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Thermal Paste

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July 6, 2010 10:18:56 AM

I just bought a new rig and have finished setting it up, including the application of thermal paste
in between the HSF and the CPU. I am aware of the curing needed for the thermal paste and I have
some questions about it.

1. Is it a rule of thumb that you should run the computer right after applying the thermal paste?
I have heard that the curing time usually takes about 20 hours, but some have 5 hours or less.

2. What could happen if you do not run the computer after applying it?

It's been three (3) days since I have assembled my computer but I still have not installed the
operating system (windows 7 64-bit) since I am really busy at school.

Should I be worried regarding the curing thing as it might affect voids in between HSF/CPU
or even the temperature?

Should I re-apply the thermal paste when I am about to install the OS?

More about : thermal paste

a c 103 à CPUs
July 6, 2010 10:23:29 AM

robinforum said:
I just bought a new rig and have finished setting it up, including the application of thermal paste
in between the HSF and the CPU. I am aware of the curing needed for the thermal paste and I have
some questions about it.

1. Is it a rule of thumb that you should run the computer right after applying the thermal paste?
I have heard that the curing time usually takes about 20 hours, but some have 5 hours or less.

2. What could happen if you do not run the computer after applying it?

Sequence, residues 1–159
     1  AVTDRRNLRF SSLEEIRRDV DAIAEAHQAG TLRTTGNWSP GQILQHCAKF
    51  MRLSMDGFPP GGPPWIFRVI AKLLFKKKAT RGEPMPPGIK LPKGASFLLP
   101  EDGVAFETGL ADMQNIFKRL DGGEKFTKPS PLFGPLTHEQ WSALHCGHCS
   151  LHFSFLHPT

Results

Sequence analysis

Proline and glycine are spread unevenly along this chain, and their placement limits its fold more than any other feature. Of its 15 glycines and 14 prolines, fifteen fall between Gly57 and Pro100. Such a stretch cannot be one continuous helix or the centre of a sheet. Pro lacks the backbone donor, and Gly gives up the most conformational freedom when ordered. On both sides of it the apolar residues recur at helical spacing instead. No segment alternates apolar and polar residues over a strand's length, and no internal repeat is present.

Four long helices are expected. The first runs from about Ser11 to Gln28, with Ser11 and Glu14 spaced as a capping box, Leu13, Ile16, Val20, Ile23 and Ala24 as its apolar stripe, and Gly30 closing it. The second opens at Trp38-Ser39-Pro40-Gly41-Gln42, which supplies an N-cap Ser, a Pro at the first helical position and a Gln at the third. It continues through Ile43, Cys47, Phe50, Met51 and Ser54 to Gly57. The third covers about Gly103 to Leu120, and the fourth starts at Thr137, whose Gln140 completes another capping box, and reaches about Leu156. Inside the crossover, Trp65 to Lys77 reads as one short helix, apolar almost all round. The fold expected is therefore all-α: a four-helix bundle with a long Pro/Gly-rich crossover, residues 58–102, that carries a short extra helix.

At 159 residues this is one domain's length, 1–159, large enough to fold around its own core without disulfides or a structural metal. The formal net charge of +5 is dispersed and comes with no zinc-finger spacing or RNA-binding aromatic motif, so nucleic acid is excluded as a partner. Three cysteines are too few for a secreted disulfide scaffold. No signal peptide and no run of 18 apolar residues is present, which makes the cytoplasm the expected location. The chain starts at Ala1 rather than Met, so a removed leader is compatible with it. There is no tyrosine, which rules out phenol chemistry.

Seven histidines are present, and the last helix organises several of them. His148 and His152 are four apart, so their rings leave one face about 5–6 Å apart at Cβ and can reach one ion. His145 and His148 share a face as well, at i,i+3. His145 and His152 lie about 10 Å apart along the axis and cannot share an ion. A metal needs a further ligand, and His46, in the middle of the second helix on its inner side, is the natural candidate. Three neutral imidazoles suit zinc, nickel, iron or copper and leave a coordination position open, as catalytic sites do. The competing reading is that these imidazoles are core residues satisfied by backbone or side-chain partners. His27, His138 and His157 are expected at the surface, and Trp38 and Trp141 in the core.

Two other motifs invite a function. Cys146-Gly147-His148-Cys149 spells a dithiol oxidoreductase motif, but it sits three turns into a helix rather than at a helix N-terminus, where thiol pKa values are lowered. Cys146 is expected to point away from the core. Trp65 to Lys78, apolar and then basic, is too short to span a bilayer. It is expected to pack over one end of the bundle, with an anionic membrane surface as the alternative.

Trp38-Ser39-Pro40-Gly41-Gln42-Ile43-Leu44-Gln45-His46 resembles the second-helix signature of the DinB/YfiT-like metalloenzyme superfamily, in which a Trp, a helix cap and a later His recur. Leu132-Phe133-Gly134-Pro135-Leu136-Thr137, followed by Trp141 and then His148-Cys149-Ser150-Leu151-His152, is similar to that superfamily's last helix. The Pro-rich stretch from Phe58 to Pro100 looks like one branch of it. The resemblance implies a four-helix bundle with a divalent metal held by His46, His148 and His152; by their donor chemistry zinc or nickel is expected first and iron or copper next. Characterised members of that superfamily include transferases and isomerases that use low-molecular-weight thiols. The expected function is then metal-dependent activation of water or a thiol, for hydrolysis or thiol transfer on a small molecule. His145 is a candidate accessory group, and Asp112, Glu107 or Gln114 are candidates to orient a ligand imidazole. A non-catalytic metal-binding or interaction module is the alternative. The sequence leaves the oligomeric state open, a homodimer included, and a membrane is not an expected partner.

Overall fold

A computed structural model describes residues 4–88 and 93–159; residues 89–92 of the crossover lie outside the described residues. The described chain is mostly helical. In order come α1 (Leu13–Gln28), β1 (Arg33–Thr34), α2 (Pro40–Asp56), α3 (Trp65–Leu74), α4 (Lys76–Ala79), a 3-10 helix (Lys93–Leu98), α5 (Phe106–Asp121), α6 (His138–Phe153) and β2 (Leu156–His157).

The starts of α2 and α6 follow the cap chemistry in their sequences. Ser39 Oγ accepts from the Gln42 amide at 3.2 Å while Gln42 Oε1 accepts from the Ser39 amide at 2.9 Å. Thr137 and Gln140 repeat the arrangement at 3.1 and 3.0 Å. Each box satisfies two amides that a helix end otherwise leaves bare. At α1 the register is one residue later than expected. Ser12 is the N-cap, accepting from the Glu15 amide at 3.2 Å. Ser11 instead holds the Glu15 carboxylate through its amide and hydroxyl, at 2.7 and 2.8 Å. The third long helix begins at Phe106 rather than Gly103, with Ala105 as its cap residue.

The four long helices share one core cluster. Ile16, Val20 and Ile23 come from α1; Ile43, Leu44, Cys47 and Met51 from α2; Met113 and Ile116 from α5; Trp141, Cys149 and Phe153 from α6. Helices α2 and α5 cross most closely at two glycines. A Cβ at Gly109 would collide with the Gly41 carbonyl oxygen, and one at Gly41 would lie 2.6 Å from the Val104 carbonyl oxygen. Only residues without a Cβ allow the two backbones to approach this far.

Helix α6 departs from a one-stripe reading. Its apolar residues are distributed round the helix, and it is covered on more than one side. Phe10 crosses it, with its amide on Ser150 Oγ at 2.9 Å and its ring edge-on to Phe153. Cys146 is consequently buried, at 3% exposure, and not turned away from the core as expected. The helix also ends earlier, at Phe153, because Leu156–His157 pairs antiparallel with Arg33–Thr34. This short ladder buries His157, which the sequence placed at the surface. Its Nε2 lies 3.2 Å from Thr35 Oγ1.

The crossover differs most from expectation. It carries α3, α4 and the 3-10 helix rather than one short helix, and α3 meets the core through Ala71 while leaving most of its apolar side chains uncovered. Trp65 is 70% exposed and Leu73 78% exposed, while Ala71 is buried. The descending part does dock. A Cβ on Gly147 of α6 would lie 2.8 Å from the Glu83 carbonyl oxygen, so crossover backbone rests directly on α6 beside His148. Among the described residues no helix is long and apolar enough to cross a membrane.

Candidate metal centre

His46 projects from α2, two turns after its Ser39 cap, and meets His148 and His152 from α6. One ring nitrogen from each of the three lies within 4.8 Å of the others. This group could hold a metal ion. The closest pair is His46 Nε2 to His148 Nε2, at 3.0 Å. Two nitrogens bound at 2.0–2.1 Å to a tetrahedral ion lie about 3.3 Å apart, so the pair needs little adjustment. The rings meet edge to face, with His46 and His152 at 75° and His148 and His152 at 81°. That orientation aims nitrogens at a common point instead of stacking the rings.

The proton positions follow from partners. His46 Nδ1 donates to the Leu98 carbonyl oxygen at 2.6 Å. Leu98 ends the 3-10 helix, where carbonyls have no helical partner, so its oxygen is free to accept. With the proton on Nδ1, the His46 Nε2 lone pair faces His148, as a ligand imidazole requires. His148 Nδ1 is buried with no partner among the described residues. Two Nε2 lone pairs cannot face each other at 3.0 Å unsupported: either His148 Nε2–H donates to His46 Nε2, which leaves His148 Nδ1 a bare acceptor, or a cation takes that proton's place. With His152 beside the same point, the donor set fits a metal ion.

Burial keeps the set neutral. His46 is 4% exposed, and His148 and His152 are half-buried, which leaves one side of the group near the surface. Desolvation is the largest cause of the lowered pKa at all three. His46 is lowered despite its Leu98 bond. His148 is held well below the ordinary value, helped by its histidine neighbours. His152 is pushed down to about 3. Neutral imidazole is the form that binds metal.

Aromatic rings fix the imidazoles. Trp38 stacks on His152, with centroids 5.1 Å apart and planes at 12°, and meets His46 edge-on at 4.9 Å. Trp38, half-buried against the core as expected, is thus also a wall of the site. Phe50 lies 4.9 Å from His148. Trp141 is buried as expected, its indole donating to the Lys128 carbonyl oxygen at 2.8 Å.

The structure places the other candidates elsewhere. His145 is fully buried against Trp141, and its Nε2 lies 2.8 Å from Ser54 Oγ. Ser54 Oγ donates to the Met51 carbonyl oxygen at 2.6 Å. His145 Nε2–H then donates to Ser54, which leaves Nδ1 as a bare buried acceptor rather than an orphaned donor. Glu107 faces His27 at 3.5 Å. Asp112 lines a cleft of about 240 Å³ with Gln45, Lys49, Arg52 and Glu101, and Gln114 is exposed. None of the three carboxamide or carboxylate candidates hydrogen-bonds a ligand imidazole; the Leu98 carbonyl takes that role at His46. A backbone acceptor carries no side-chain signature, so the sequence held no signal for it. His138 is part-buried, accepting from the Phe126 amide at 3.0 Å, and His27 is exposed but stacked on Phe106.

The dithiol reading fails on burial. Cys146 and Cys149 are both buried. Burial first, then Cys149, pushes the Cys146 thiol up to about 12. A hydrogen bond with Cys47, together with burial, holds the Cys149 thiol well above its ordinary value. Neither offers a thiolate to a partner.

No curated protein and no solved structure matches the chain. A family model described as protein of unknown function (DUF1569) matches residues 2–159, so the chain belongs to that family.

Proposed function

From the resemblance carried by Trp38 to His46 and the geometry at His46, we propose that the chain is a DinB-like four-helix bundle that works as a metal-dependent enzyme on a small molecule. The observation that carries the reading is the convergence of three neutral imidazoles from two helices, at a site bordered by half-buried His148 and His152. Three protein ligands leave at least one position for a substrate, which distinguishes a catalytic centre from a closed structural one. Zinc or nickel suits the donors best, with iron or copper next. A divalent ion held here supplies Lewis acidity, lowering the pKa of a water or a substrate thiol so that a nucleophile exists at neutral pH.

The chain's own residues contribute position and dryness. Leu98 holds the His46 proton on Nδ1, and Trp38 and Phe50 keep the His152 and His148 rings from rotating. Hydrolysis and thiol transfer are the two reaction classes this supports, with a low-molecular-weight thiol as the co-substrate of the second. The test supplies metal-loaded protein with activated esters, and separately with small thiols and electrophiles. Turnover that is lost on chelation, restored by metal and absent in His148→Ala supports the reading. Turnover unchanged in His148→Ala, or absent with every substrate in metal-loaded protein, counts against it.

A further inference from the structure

It's been three (3) days since I have assembled my computer but I still have not installed the
operating system (windows 7 64-bit) since I am really busy at school.

Should I be worried regarding the curing thing as it might affect voids in between HSF/CPU
or even the temperature?

Should I re-apply the thermal paste when I am about to install the OS?


Don't worry about it, it will cure as you're using the machine.
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Anonymous
a b à CPUs
July 6, 2010 10:24:08 AM

As long as you have applied the Thermal Paste in the correct manor, evenly, not to thin and not to thick, then don't worry, just use the PC..

Some TIM compounds do require a curing time, but it means that the temps go down or get better over the curing time, most by a few degrees or so, but the CPU will be properly cooled from the first switch on..

You don't mention what TIM you have used, by knowing this we will be able to tell you if it has a Cure time or not, for example, I use Arctic MX-3, no cure time!
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July 6, 2010 10:37:09 AM

I used the stock TIM of my HSF, Oceaner 5 Boss II..
I think the TIM is also known as PcCooler A1 Silver Thermal Paste..
Haven't checked any reviews regarding it.. The seller said the stock TIM
is already great so I didn't mind buying a separate TIM..

Another question: what is the un-abbreviated word for TIM?
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a c 103 à CPUs
July 6, 2010 10:41:26 AM

robinforum said:
I used the stock TIM of my HSF, Oceaner 5 Boss II..